Emphasizing that during the outbreak, the economy suffered the most, especially in the tourism, transportation, car manufacturing, petrochemical, and fossil fuel sectors, he noted that on the other hand, other industries such as software, computer games, and entertainment have grown.

Given the circumstances caused by the coronavirus, the biggest changes will be in urban development, human housing, and lifestyle, he added.

Human lifestyle will change

If Sars, Ebola, and corona are the new generation of viruses, then the human lifestyle will change more than anything else, and it is probably the most important change in residential complexes, Sasan said.

Studies show that about 110 cities in the world are resilient, he further highlighted.

He went on to In the future, the density of the city created by the new civilization may lose efficiency, and humanity may promote less density.

Global resilience

Referring to coronavirus being completely global and transboundary, Morteza Pedarian, a sociologist, said that post-corona resilience and any decision-making and planning for it should be international and global.

All countries, rich and poor, developed and developing, now consider the four principles of using masks, continuous hand washing, social distancing, and precise behavior in social communication, he said.

Unlike other disasters that have affected most developing countries, COVID-19 has pushed the boundaries of development, and even developed countries have suffered heavy casualties, he lamented.

In various disasters such as floods, earthquakes, and wars, there is emotional support among different members of human society that increases resilience, but in coronavirus crisis, social gatherings and support are less employed, he explained.

Pedarian went on to add that In this case, due to the special conditions of the phenomenon, such as quarantine and the risk of the high prevalence of the disease, it is not possible to approach the infected people and even those around them for sympathy.

He said that all these issues cause the post-corona ecosystem to have certain characteristics and to show its effect in different sectors, This has greatly affected the resilience and vision of humankind in the areas of economics, beliefs, religions, culture, social relations, and collective action.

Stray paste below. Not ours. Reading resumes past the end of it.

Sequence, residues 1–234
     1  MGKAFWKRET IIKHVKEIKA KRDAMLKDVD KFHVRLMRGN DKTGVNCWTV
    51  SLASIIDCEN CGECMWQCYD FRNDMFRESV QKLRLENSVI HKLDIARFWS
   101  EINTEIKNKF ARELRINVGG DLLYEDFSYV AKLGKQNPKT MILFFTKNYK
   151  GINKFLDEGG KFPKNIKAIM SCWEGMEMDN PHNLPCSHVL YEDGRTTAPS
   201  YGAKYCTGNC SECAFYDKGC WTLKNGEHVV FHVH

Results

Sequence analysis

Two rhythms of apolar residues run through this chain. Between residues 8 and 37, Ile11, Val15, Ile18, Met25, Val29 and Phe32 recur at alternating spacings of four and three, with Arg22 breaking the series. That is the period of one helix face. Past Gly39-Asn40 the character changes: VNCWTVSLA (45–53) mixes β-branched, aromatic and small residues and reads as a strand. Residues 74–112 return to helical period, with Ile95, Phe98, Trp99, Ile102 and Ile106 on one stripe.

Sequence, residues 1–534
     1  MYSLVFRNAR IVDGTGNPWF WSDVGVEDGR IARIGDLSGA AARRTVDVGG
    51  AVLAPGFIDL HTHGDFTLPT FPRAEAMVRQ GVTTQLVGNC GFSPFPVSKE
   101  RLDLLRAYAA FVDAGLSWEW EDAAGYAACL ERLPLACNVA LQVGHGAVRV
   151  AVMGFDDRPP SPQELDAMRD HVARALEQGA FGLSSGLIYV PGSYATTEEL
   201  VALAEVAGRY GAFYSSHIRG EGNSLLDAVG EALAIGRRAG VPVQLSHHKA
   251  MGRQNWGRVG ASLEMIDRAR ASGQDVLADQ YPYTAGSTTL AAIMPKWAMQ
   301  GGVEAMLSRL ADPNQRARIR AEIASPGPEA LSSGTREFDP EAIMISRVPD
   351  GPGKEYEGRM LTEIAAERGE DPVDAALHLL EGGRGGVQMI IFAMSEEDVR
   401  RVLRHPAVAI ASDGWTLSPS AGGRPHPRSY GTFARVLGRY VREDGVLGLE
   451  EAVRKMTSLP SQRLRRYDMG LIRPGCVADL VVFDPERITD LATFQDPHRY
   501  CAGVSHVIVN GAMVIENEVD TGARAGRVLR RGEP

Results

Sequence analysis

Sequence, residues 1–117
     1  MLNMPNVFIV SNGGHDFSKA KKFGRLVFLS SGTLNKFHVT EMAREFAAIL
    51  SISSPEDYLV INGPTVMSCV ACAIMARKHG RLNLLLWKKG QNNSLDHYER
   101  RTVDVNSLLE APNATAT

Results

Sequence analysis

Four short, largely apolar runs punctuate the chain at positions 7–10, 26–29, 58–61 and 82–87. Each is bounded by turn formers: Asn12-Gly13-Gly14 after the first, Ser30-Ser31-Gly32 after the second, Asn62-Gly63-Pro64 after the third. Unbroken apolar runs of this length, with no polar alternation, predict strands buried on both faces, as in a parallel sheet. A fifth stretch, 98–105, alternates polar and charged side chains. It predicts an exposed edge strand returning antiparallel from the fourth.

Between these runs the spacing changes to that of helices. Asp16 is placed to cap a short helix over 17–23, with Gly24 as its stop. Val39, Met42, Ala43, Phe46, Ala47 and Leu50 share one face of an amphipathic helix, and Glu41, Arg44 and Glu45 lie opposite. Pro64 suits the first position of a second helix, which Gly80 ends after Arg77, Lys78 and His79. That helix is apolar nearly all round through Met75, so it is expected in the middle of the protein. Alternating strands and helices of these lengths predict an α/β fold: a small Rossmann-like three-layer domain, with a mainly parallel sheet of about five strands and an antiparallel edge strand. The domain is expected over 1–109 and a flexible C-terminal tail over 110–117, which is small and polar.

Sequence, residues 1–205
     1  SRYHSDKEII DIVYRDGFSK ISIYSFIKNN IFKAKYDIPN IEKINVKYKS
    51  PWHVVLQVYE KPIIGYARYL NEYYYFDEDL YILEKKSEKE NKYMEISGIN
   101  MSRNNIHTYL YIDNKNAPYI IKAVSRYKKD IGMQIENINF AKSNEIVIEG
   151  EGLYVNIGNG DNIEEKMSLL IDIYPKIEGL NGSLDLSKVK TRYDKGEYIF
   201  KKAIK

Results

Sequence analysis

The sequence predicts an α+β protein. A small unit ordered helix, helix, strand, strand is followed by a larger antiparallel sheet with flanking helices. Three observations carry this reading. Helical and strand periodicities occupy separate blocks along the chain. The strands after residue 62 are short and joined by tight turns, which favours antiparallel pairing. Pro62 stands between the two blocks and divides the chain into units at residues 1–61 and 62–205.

Pedarian stressed that phenomena such as this pandemic affect human life psychologically and sociologically and that behaviors need to be re-read, which is why we should think of long-term life.

Comprehensive look at city resilience implementation

Ahmad Shahivand, an architecture and urbanism expert, said that the environment of the city is safe, lively, dynamic, its people are smart with the basic information needed, and the performance and activities of this city are defined following human and environmental characteristics.

The resilient city must be able to maintain and sustain stability in these three areas of disasters and crises. For example, in an earthquake, certain groups, such as children and the elderly, must be safe, he added.

He went on to explain that in urban planning, there is a lot of emphasis on having open and semi-open spaces in residential units, but unfortunately, some construction companies blind these spaces and make them part of the built space to make more profit in sales while resilience in such houses is very difficult.

In such cities, for example, there must be public spaces in every neighborhood to provide basic services in times of crisis, and for people to be able to take refuge there, while in our cities today we have ignored that, he lamented.

Gender differences need to be eliminated in creating urban spaces to increase the resilience of cities, he noted, adding, in the post-coronavirus period, all sectors, with government support, need to identify and address challenges, including how urban planning seeks to build buildings from now on or what the transportation system is like.

Planning for all of these requires a comprehensive look at the executive details to make cities resilient, and each of the related bodies and social groups must help each other achieve that, he noted.

With these cities, it is possible to live alongside natural disasters and survive, given the emergence of phenomena such as the outbreak of coronavirus, the development of such cities needs to be seriously on the agenda of community planners and policymakers, he concluded.